Jesse Willcox Mitchell Lambert"I found out since leaving that working for the big brand name is definitely not as attractive as I once thought.

"I don't just want to be a real estate agent and then groom my kids to follow in those footsteps, so when the opportunity presented itself to work with my best mate, I grabbed it with both hands."

Willcox says the Lambert Willcox pledge starting on day one was: 'honest, ethical and will outwork the competition'.

He says a lot of people in the beginning doubted their abilities to build on the momentum achieved working for someone else, but the same people became supportive 'almost overnight'.

Setting up shop at Surf Parade, Broadbeach just last week, Lambert Willcox has already made one sale at Surfers Waters under the hammer and can currently count three listings.

"Our female readership in particular on has gone through the roof," says Lambert, adding it's not just the charm of the founders.

Lambert Willcox Norseman Court Surfers Paradise Gold Coast property real estate"We present every home like it's being featured in Vogue Living from an interior design perspective,  so imagery is real life and not staged. That means the family dog will feature candidly, and we won't relent on a property having video footage.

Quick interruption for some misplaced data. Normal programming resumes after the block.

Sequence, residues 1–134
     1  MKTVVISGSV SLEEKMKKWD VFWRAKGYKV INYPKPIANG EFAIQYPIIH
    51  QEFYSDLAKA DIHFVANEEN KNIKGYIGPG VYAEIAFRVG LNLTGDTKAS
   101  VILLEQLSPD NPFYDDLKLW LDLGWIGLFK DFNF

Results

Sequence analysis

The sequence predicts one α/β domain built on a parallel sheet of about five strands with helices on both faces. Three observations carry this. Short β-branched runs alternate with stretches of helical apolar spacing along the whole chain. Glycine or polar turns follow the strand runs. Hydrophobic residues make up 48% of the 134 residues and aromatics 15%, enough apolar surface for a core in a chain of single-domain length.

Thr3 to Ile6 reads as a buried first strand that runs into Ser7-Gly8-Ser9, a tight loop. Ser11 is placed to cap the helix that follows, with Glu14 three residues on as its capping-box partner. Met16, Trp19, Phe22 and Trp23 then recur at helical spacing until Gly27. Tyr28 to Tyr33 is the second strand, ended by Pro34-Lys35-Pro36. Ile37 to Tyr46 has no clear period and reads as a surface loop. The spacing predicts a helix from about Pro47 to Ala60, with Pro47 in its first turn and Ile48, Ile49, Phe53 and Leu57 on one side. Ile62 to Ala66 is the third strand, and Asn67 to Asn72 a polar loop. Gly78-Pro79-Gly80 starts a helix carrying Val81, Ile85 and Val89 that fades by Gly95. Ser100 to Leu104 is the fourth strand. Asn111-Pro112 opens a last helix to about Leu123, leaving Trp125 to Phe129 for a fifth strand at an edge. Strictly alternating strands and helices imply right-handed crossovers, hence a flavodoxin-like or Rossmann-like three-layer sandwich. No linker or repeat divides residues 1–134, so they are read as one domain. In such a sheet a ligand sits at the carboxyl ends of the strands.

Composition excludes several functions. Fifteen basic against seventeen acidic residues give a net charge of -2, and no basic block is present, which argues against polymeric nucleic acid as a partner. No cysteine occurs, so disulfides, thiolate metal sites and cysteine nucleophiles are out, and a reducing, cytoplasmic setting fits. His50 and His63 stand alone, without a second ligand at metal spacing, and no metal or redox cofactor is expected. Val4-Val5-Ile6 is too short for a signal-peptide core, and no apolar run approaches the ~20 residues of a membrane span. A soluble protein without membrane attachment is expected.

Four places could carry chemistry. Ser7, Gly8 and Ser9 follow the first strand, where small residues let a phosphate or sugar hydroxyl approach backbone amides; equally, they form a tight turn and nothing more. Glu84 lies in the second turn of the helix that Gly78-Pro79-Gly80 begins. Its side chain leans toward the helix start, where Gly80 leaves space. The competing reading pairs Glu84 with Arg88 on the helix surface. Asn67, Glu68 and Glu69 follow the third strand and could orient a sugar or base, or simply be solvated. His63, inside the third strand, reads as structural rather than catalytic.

"The market was calling out for more transparency and authenticity, and we think the big players in the industry really haven't changed for decades."

Willcox spent time in Sydney, London, Paris and the US before taking the leap, and says Lambert Willcox has taken marketing inspiration from other boutique firms.

He says working the industry from the ground up also delivered 'invaluable' experience.

After studying journalism, Willcox went through five interviews to become a real estate agency receptionist, was accepted on the sixth, and in a couple of years worked through a traineeship, administration, property management and sales manager roles.